I got this 9N about a month ago when the temps were only in the 90's and it would run much longer before over heating, may be a couple of hours. I am running a 5' brushhog at about half to 3/4 throttle in 1st gear. I know that this tractor was originally a no pressure system which lends itself to overheating in hot climates, and I know that the more pressure you put on the cooling system the less likely you are to boil off. I know this from having worked in the Boiler Rooms of a Cruiser while in the Navy. That was a 1200 psi plant.
So with all that in mind does anyone have any idea what might happen if I did increase to a 13 psi cap strictly as a theoretical question?
I think my best bet is going to be switching the fan from a pusher to a puller, installing a fan shroud, checking for the presents of a thermostat, and keeping it at a 4 psi system with a 50/50 coolant mix.

Thank everyone for their advise and insight.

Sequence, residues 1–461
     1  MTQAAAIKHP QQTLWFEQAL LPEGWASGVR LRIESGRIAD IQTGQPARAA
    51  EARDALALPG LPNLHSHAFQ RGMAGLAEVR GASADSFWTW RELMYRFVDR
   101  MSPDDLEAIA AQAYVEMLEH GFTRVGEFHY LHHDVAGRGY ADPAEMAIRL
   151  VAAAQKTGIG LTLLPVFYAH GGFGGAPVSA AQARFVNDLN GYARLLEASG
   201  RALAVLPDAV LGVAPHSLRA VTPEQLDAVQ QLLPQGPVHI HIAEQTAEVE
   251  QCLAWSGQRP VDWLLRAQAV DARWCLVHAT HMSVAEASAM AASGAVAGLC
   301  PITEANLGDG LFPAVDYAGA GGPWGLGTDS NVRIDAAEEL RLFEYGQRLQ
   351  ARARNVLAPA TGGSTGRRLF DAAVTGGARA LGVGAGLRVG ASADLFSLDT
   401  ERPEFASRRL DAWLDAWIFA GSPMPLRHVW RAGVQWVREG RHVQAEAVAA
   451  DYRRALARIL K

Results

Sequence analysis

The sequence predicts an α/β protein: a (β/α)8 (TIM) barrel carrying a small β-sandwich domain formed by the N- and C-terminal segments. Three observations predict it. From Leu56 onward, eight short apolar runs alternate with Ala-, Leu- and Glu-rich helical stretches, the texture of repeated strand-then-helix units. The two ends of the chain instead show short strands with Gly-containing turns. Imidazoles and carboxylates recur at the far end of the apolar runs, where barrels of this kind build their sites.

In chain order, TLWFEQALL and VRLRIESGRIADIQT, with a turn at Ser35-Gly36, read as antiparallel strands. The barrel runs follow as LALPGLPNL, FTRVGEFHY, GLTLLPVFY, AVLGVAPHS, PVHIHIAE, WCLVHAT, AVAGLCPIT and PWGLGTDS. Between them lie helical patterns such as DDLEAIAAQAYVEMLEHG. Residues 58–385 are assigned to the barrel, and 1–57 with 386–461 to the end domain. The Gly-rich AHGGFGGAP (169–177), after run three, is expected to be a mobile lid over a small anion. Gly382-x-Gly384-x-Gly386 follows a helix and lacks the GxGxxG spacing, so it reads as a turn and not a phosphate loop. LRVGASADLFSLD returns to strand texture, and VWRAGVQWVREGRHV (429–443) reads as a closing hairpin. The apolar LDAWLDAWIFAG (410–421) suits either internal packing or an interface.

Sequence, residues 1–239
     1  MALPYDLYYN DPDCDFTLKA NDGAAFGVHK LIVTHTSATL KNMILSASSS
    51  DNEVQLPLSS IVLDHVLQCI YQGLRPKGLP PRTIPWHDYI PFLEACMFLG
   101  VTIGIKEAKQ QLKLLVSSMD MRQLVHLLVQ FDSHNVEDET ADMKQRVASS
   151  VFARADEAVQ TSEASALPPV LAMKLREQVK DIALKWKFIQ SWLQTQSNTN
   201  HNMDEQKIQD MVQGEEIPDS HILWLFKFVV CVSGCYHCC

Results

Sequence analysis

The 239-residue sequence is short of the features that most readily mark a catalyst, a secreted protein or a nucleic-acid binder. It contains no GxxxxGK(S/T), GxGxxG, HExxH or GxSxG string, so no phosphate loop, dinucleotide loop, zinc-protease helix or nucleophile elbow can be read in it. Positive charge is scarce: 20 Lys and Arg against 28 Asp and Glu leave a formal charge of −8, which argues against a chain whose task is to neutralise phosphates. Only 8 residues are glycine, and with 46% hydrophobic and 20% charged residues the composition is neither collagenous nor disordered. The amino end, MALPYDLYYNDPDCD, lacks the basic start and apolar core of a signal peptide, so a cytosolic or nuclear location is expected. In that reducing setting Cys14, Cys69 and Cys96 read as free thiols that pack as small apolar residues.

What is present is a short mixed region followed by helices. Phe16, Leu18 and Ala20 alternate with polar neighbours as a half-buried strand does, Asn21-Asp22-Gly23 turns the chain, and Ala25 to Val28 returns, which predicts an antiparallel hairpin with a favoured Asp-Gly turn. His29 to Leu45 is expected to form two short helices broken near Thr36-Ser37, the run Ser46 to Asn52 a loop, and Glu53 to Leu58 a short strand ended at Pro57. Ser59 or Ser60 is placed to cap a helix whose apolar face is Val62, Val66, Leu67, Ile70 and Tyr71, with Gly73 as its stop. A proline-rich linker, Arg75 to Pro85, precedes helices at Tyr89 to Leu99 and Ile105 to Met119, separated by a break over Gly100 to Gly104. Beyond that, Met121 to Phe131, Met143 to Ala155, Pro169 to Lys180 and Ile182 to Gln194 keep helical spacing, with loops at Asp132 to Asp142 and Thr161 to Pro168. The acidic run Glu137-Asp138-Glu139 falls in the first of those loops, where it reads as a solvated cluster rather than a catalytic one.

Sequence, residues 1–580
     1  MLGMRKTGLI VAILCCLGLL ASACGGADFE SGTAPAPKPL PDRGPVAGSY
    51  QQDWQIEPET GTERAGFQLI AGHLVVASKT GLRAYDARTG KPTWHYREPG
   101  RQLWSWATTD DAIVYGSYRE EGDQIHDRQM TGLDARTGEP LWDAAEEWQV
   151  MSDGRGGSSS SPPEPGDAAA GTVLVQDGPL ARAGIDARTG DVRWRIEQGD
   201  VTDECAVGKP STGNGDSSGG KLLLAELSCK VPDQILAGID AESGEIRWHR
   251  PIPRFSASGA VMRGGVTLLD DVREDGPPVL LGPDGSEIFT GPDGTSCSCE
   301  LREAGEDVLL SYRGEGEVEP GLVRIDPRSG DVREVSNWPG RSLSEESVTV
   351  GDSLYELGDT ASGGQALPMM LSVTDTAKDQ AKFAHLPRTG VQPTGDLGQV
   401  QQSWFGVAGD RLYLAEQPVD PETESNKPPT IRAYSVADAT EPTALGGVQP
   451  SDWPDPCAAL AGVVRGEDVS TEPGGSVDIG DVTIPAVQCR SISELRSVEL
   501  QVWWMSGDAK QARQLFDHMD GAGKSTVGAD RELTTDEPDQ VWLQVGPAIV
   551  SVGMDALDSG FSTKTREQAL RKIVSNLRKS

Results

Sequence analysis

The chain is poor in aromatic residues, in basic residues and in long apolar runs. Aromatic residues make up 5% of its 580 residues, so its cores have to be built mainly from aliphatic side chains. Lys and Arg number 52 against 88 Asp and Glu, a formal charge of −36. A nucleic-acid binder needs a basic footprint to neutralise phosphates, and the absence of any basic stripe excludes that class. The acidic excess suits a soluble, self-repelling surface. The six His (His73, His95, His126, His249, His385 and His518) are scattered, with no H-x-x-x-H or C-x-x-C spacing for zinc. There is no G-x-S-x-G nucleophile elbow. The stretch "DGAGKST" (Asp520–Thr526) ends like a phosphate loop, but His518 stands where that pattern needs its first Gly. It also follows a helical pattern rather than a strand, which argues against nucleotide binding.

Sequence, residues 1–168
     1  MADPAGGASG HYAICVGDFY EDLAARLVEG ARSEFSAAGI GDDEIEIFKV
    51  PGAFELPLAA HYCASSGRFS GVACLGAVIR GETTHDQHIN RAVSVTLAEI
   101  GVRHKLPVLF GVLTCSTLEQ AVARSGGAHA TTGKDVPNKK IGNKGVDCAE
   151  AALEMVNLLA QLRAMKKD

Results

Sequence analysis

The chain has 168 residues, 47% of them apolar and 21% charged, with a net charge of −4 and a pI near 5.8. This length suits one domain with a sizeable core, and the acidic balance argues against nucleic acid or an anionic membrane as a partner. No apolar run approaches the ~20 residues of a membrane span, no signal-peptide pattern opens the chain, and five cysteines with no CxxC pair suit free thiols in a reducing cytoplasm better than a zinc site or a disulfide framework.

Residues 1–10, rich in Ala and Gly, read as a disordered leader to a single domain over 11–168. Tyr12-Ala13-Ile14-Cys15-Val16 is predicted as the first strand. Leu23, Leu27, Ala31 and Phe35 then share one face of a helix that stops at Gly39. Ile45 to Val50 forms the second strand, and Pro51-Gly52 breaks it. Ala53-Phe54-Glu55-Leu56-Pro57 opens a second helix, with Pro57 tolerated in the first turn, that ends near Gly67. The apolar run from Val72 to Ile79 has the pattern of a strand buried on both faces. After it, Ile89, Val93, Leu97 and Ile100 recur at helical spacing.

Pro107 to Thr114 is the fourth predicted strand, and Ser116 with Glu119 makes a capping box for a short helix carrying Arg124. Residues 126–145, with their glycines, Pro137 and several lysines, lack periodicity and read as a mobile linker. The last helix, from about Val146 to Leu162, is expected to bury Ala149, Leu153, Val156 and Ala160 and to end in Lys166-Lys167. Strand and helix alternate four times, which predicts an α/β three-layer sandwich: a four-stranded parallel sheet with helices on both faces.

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MarkB_MI

07-12-2020 11:00:57




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 Re: Hot Climate Engine Oil in reply to fredbollinger8807, 07-12-2020 08:19:29  
> I am running a 5' brushhog at about half to 3/4 throttle in 1st gear.

A five foot brush hog would be asking quite a lot from your 9N if it was new. It sounds like yours is pretty tired, and it may not be up to the task.

> So with all that in mind does anyone have any idea what might happen if I did increase to a 13 psi cap strictly as a theoretical question?